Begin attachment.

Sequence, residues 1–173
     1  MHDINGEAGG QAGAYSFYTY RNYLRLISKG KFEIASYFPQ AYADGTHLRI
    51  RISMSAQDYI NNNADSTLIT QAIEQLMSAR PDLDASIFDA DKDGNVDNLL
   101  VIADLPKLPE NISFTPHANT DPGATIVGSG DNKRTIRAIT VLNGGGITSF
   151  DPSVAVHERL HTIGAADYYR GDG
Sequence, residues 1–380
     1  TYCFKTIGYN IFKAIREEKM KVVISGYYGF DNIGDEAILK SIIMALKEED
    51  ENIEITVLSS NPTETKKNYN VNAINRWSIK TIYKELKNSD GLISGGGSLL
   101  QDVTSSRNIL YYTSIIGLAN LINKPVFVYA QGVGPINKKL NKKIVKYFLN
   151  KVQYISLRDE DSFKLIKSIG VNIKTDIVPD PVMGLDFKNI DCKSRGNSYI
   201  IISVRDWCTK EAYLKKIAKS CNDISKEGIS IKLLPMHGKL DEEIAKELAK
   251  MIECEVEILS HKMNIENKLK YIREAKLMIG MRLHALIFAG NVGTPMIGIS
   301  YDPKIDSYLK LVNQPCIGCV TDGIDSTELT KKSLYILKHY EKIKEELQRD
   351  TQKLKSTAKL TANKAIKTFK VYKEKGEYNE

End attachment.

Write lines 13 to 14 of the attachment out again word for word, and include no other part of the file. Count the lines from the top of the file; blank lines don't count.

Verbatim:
   301  YDPKIDSYLK LVNQPCIGCV TDGIDSTELT KKSLYILKHY EKIKEELQRD
   351  TQKLKSTAKL TANKAIKTFK VYKEKGEYNE